On the other hand, presidential aide Iulian Fota said for RFI that providing a military intervention in Syria, Romania might give its political, military, economic or humanitarian contribution.
President and Premier exchange jabs
The Prime Minister rejected the statement that President Basescu made the day before at the meeting, a statement according to which the accusations concerning the president’s intervention in the activity of the National Anticorruption Directorate (DNA) force Romania’s ambassadors to present explanations abroad. “I am not aware of such things, I was never informed and it could be a simple fable,” Ponta said. Traian Basescu stated on Tuesday that he hopes “top” politicians will understand the fact that “they are not rendering any service to Romania by making statements” the likes of “the President has concocted files for Dr. Bradisteanu” or that “the President is using the DNA against his own party.” “These things are childish, they lack credibility, but they put you in the position of explaining them,” the Head of State told the Romanian diplomats.
The differences of opinion between the government and the presidency were once again revealed at the reunion of Romanian ambassadors over the issue of recognizing Kosovo too. While Premier Ponta reiterated the government’s position that Romania will have to recognize Kosovo, President Basescu told the Romanian diplomats that “the President has constitutional prerogatives in recognizing a state” and that Bucharest’s position on the Kosovo issue remains correlated with that of Belgrade and the other five European countries that do not recognize the independence of the province. Moreover, the Head of State pointed out that in the future the rhythm of rendering Romania’s position flexible will be correlated by the gradual agreements between Belgrade and Pristina. Referring solely to Serbia, Basescu stated that Romania will not produce a gridlock in Serbia’s EU accession negotiations, however it will make sure the protocol on minority rights, a protocol signed last year with Belgrade, will be fully implemented.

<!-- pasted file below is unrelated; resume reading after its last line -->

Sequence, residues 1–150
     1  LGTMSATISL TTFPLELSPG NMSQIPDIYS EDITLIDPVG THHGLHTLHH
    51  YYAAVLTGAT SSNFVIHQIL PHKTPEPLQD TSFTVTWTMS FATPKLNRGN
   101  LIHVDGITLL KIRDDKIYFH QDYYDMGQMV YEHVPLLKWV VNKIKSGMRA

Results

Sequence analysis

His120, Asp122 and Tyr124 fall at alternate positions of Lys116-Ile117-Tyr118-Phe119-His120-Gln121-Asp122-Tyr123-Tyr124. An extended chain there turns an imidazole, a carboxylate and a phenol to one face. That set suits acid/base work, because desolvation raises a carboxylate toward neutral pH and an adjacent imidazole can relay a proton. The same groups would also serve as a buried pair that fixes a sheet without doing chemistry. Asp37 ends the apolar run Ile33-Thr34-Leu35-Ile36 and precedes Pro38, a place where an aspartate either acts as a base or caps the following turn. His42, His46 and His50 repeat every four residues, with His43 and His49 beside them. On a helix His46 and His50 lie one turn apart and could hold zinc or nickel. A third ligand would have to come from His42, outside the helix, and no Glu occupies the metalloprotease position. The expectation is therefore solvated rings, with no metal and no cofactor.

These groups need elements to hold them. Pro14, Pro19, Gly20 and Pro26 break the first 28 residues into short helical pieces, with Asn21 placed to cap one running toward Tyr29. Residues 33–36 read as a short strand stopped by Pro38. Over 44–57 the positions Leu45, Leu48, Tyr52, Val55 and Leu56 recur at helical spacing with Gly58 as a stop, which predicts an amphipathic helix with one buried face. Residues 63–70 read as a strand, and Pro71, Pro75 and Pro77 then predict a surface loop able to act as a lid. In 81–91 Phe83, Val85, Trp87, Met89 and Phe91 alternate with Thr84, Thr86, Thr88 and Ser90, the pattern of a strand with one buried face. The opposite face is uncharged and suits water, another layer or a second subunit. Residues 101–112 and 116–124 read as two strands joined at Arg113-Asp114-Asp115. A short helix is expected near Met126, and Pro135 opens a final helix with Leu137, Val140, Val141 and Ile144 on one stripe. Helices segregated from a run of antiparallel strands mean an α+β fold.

Lobby for Schengen, compensations for Nabucco
The Head of State asked the Romanian ambassadors to EU states to engage in lobbying so that the JHA Council in December will decide Romania’s Schengen accession in a first stage with its airport customs and its maritime border. He reminded that the Schengen accession decision was postponed in 2012 because of the rule of law problems, and Romania now has to confirm in the CVM report in December that “we are a confirmed rule of law state.”
At the same time, Basescu asked the Romanian ambassadors posted in EU capitals to explain and support a compensation from the EU for the abandonment of the Nabucco project, in the form of the earmarking of resources for the modernization of railways and national roads as part of the regional infrastructure projects managed by the European Commission, arguing that we were the only state that did not waver between Nabucco and South Stream like neighboring states did. He stated that South Stream “is nothing but a consolidation of Gazprom’s hegemony,” pointing out that he is not bothered with this gas pipeline being built but it does not serve the European goal.